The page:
22. @robinred the most frustrating part of this is, of course, that Kobe can impose his will regardless of the teams and teammates on the floor.

    This includes berating, belittling and harassing his teammates to get open, and demanding PJ to draw up a play where Kobe is either a decoy or plays in such a way that he can move without the ball.

    Now this is all easier said than done and I do like the fact that we have Kobe to take the shot if the play breaks down, but I’m seeing very little effort in trying to change this iso-heavy late-game play of the Lakers, and guess what, Kobe is in the best position to change this.

    His knowledge of the game and understanding is deep enough to see the need for such plays even if his competitiveness and desire to prove that he can hit his shot are as beyond comparison.


  23. henry loses credibility every day February 2, 2011 at 9:39 am

    in the end, what is abbot’s point? Kobe is a 5x champ and an all-time great, every player has their quirks and flaws, I really think Henry used to be credible…now, not so much


  24. I am very concerned with our transition D. I know the game slows down in the playoffs but one of the things that turns a playoff game is scoring and preventing easy buckets. We don’t get a lotta of easy ones, and we give up too many. This must change. Pau must get back better, he is a habitual offender


  25. kwame a. (#24) raises a good point. In seasons’ past, the Lakers have been one of the better transition teams in the league and this year they’re not up to their past standard.

    I think some of that is related to the arguing and questioning of the refs that happens on a lot of plays, but the main reason I see the transition D slipping is because of a lack of floor balance and suspect shot selection. I’m hopeful that some of that will be diminished in the playoffs due to – as kwame mentioned – the pace slowing down, but also becuase team specific game plans take hold in the post-season where the Lakers usually find a way to attack certain weaknesses in a defense which leads to quality looks, better floor balance, and thus less transition chances for the opponent. That said, OKC showed us early in last year’s series with them that even the best laid plans will need some tweaking before they can work best.


  26. Sure hope this isn’t true. Ron’s #37 is the only Laker jersey I own.


  27. If only the Hornets would allow us to get Ariza back for Artest…


  28. @27 me too. Though Stein doesn’t typically try to just report out and about rumors, most of his stuff is pretty solid. Ron has been more part of the offense recently, the got guy 10 shots against the Celtics, he just hasn’t been efficient down there. I am not sure what situation would be better for him.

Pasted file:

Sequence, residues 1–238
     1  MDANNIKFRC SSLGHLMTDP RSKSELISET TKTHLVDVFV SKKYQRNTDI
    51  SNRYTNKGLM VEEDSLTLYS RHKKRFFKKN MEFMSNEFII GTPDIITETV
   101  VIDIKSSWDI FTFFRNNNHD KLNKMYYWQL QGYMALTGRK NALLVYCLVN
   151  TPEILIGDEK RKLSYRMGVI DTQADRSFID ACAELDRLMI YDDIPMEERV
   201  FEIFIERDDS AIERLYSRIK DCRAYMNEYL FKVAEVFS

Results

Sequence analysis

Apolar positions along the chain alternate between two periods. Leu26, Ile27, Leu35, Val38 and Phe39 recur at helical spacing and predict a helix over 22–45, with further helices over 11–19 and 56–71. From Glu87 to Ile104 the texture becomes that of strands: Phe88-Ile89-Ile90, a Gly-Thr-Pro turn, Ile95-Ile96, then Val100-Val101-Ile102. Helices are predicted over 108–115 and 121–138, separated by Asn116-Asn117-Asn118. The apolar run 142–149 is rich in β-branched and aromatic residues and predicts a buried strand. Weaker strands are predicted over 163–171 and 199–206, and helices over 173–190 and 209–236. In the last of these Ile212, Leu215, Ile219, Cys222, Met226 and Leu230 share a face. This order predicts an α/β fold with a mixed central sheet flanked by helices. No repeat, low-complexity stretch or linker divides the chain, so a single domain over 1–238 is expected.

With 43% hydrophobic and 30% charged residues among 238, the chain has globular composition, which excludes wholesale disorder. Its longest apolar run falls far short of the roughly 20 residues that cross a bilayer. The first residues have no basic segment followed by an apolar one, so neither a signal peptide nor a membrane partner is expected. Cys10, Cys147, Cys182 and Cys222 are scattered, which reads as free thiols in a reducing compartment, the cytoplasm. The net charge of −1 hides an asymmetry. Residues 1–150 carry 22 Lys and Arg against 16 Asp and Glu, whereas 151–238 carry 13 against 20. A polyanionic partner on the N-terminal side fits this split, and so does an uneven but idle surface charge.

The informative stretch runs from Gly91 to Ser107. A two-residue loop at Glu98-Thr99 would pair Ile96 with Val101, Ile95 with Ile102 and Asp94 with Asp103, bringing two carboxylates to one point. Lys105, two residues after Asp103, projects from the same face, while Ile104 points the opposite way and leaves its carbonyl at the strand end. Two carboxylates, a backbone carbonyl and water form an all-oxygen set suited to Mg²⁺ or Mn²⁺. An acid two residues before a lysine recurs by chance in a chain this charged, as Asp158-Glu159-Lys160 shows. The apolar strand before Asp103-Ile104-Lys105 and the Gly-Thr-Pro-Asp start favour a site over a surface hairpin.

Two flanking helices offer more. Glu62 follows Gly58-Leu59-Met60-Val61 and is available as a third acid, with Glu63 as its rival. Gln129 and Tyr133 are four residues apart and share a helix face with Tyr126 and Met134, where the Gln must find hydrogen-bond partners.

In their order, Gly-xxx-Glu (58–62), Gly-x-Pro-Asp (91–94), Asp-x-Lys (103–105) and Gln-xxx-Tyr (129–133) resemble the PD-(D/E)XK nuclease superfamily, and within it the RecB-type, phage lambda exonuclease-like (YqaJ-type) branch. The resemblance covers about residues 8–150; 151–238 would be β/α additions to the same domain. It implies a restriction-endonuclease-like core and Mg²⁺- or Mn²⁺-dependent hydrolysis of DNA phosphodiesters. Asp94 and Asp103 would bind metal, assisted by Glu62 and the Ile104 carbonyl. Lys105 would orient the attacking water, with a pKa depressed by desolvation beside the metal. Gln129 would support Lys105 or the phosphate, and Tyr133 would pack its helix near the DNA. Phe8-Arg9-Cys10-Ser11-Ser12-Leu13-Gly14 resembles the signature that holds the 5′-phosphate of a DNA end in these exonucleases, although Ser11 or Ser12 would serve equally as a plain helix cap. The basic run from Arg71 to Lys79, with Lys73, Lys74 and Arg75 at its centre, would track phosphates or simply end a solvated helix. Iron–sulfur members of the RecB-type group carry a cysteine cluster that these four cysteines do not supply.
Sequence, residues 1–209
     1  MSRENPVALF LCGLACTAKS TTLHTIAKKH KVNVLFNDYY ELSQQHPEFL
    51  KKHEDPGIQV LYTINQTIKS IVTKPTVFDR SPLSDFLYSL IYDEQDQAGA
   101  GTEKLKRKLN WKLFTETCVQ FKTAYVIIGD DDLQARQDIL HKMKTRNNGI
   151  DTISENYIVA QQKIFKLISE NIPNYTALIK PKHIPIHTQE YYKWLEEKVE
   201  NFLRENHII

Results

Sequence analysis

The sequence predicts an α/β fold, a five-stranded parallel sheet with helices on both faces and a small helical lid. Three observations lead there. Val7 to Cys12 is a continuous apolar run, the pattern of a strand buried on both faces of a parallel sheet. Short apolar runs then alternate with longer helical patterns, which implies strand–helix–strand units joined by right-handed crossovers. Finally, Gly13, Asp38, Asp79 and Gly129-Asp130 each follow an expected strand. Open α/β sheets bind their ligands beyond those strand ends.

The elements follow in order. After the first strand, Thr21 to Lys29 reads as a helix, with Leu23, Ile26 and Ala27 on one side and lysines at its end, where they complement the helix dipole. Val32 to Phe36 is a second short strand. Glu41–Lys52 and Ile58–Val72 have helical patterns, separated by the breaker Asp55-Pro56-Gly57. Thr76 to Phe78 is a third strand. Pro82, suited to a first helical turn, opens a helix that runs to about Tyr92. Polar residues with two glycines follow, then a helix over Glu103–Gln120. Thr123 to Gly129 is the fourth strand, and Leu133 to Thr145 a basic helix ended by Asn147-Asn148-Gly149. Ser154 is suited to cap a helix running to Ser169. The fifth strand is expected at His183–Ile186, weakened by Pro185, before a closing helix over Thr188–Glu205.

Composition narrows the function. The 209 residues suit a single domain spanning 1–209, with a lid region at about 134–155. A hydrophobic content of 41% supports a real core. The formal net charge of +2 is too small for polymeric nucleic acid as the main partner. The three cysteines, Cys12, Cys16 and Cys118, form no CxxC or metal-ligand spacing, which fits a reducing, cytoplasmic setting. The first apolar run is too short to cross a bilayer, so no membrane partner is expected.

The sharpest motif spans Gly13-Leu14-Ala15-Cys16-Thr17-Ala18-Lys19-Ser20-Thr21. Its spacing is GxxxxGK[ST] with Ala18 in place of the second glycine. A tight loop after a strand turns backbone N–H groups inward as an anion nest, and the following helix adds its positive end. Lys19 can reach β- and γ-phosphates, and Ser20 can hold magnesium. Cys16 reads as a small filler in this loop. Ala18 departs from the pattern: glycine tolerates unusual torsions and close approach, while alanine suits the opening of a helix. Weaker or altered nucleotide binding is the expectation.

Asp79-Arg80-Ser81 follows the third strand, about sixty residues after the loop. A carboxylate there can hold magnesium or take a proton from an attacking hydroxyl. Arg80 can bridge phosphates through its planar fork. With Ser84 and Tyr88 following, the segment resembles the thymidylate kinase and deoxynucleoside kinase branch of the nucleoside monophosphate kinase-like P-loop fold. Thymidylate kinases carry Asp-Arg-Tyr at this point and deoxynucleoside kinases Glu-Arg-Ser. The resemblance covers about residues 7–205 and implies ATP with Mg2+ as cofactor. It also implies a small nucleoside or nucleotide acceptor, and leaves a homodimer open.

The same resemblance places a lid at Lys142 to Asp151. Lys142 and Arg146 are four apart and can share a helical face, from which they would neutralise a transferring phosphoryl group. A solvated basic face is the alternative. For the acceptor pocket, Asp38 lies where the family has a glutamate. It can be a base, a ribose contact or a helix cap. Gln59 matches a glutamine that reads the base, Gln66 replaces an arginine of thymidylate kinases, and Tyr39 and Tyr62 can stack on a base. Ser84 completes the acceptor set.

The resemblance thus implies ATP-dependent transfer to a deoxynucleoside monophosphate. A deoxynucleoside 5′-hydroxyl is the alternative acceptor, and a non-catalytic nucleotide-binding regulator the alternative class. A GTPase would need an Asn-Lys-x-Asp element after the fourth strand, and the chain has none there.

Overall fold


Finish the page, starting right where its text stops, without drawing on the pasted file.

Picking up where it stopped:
29. Reign on Parades February 2, 2011 at 10:41 am

    27. I’d rather have the guy the Hornets traded to get Ariza: Darren Collison


  30. I still miss Trevor. Still there is no way I would take him back in exchange for Ron at this point. With possible playoff showdowns against the Spurs (Richard Jefferson) and Celtics (Paul Pierce) we better just grit our teeth and deal with Ron’s antics. The only other defensive player with the size and skill to bother those guys is Shane Battier. And I don’t think Houston wants to give him up. The Lakers will need Ron if they want to win this year.


  31. I think it is almost certainly true, but I also don’t think he will be moved.

    This is one of those things where I think Kobe, Phil and Fisher need to talk to him, let him know he is a big part of the team, etc. We will see.

    Of course, his salary is identical to New Orleans’ 3, who I hear is a young guy with a questionable stroke but a good transition player. 😉


  32. I was a big supporter of the initial Ariza acquisition and mourned his departure. That said, c’mon people, have any of you watched Ariza since he left? I don’t understand all this demand for him to be swapped with Ron.

    Ron is playing better D and shooting better than Ariza. A healthy Matt Barnes gives the team the skill set that Ariza provides. The Barnes/Artest combo can cover just about an SF in the league and gives the team a ton of flexibility.

    Even a slowed down off his game Ron is a better defender than Ariza is currently.


  33. >I think many teams would very much like to have any of the Lakers top 8 players.